Cancer Causes & Control

, Volume 25, Issue 9, pp 1241–1242 | Cite as

Erratum to: Exposure to household painting and floor treatments, and parental occupational paint exposure and risk of childhood brain tumors: results from an Australian case–control study

  • Kathryn R. Greenop
  • Susan Peters
  • Lin Fritschi
  • Deborah C. Glass
  • Lesley J. Ashton
  • Helen D. Bailey
  • Rodney J. Scott
  • John Daubenton
  • Nicholas H. de Klerk
  • Bruce K. Armstrong
  • Elizabeth Milne
Erratum
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Erratum to: Cancer Causes Control (2014) 25:283–291 DOI 10.1007/s10552-013-0330-x

After publication, it was noted by the authors that the dataset used for the analyses of occupational exposures in this study accidentally used incomplete occupational histories for 94 control fathers and 104 control mothers recruited in 2006, and these control parents were all treated as unexposed to occupational painting.

Results in Tables 1–5 were unaffected by this error as they concerned household rather than occupational paint exposure. The conclusions regarding the association with household exposure to paint and floor treatments are consequently unaffected.

However, for occupational exposure, 15 control fathers and 1 control mother were mistakenly classified as being unexposed when they should have been classified as exposed (any time before the child’s birth). The analyses presented in Table 6 in the published article were rerun using the complete dataset to ensure correct exposure assignment (5 case fathers and 4 control fathers were additionally excluded from the revised occupational analysis due to genuinely missing data). The updated Table 6 is presented in this erratum.
Table 6

Fathers’ occupational exposure to the application of paint and risk of CBT

 

n cases/controls

ORa

95 % CI

No exposure before the child’s birth

187/642

1.00

Referent

Any exposure before the child’s birth

54/153

1.23

0.85, 1.78

Any exposure in the “conception year”b,c

18/52

1.26

0.70, 2.27

aORs adjusted for matching variables (child’s age, sex, state of residence), paternal education, year of diagnosis/recruitment, paternal occupational exposure to diesel exhausts in the 2 years prior to birth

b“Conception year” relates to the 2 years before the birth year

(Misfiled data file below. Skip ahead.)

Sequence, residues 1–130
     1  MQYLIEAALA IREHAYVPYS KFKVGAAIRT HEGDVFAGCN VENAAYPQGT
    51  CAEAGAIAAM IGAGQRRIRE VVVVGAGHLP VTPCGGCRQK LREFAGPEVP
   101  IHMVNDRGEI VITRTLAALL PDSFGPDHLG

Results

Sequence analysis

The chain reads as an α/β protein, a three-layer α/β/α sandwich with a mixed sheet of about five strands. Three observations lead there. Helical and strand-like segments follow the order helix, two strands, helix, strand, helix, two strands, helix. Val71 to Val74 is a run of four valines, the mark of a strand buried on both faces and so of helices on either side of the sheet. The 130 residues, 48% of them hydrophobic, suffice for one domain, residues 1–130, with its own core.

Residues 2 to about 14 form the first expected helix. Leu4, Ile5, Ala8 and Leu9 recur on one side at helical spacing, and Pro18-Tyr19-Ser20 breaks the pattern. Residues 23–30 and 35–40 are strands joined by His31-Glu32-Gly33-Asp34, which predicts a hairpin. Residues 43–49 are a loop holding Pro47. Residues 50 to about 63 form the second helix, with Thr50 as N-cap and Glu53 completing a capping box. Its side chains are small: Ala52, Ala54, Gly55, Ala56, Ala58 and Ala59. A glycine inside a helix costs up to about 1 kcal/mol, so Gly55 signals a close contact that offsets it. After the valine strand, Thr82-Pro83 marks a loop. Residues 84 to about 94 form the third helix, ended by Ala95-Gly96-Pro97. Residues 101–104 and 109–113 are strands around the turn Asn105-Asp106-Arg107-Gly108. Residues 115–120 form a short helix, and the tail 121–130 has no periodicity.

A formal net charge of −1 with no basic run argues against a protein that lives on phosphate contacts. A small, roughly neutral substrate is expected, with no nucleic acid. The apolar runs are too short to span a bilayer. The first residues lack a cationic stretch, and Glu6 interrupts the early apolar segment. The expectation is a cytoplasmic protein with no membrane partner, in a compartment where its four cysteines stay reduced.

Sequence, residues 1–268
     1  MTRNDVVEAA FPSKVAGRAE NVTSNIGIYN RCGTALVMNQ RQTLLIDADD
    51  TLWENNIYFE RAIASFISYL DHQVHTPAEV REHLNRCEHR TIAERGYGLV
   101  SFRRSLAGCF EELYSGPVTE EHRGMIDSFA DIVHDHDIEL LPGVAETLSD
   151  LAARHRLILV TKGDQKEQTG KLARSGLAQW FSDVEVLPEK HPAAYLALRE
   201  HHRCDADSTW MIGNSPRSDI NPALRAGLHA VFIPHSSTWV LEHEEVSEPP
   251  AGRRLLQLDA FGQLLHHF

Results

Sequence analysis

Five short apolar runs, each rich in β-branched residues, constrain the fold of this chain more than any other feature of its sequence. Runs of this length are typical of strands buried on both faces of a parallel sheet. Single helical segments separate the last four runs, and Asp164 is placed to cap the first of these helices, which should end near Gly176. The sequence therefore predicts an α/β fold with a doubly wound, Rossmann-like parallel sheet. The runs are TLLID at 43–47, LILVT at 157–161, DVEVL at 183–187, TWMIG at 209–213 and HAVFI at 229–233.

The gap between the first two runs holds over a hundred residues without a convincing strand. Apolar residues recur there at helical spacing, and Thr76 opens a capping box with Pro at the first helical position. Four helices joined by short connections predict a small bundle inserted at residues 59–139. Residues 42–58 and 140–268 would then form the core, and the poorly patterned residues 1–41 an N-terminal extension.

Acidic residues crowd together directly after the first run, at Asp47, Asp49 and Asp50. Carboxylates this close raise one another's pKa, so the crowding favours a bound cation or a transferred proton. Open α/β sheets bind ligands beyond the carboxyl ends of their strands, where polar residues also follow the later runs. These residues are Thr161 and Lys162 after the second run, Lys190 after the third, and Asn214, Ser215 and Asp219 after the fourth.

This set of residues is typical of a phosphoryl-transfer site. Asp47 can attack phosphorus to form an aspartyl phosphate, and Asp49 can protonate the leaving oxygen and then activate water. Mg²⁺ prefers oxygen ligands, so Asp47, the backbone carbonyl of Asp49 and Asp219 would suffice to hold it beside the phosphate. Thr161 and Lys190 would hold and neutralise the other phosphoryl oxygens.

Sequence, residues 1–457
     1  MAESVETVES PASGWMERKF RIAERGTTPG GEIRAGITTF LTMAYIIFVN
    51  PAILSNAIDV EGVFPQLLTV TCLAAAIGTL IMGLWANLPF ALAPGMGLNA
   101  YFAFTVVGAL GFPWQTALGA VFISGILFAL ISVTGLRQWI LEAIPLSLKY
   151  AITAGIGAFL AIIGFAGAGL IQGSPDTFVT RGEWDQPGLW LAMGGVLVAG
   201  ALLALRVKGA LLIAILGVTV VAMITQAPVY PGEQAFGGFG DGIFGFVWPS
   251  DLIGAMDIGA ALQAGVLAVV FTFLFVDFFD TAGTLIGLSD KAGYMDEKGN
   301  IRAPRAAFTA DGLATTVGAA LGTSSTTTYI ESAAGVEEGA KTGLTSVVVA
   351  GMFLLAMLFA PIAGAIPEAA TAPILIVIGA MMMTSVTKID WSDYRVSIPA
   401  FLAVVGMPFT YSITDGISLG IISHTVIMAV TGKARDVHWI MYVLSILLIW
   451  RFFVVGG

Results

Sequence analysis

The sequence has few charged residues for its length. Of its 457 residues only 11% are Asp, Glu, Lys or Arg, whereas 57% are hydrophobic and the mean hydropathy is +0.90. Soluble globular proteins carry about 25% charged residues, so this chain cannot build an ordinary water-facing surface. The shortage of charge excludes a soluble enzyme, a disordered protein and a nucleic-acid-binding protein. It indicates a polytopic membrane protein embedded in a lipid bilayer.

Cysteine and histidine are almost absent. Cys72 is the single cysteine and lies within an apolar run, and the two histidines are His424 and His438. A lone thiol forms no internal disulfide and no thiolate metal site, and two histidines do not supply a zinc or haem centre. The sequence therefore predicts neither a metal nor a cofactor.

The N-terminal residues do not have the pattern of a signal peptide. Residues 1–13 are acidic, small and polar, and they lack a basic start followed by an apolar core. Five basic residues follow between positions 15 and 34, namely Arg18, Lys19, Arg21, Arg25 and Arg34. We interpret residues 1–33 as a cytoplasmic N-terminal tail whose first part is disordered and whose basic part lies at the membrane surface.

cReference level is no occupational painting before the child’s birth

In the original publication, the authors commented in the results section that the ORs for paternal occupational exposure to paints were slightly elevated but lacked precision, and in the conclusion remarked that there was "little evidence that exposure to paints at home, or parental exposure at work, was associated with risk of CBT." The revised ORs for paternal occupational exposure to paints are only slightly different from those previously published so these statements are still correct. There were still too few occupationally exposed mothers to analyse (2 cases/6 controls).

The sentence in the abstract concerning fathers’ occupational exposure should now read:

“The OR for the association between CBT and paternal occupational exposure to paint any time before the pregnancy was 1.23 (95 % CI 0.85, 1.78), which is consistent with the results of other studies.”

The authors offer their sincere apologies for any confusion that they may have caused.

Copyright information

© Springer International Publishing Switzerland 2014

Authors and Affiliations

  • Kathryn R. Greenop
    • 1
  • Susan Peters
    • 2
  • Lin Fritschi
    • 2
  • Deborah C. Glass
    • 3
  • Lesley J. Ashton
    • 4
  • Helen D. Bailey
    • 1
    • 5
  • Rodney J. Scott
    • 6
    • 7
    • 8
  • John Daubenton
    • 9
  • Nicholas H. de Klerk
    • 1
  • Bruce K. Armstrong
    • 10
  • Elizabeth Milne
    • 1
  1. 1.Telethon Institute for Child Health Research, Centre for Child Health ResearchUniversity of Western AustraliaPerthAustralia
  2. 2.Western Australian Institute for Medical ResearchUniversity of Western AustraliaPerthAustralia
  3. 3.Department of Epidemiology and Preventive MedicineMonash UniversityMelbourneAustralia
  4. 4.School of Women and Children’s HealthUniversity of New South WalesSydneyAustralia
  5. 5.Section of Environment and RadiationInternational Agency for Research on CancerLyonFrance
  6. 6.School of Biomedical Sciences and Pharmacy, Faculty of HealthUniversity of NewcastleNewcastleAustralia
  7. 7.Hunter Medical Research InstituteJohn Hunter HospitalNewcastleAustralia
  8. 8.Hunter Area Pathology ServiceHNEHealthNewcastleAustralia
  9. 9.Division of Women’s, Adolescent and Children’s Services (WACS)Royal Hobart HospitalHobartAustralia
  10. 10.Sydney School of Public HealthUniversity of SydneySydneyAustralia

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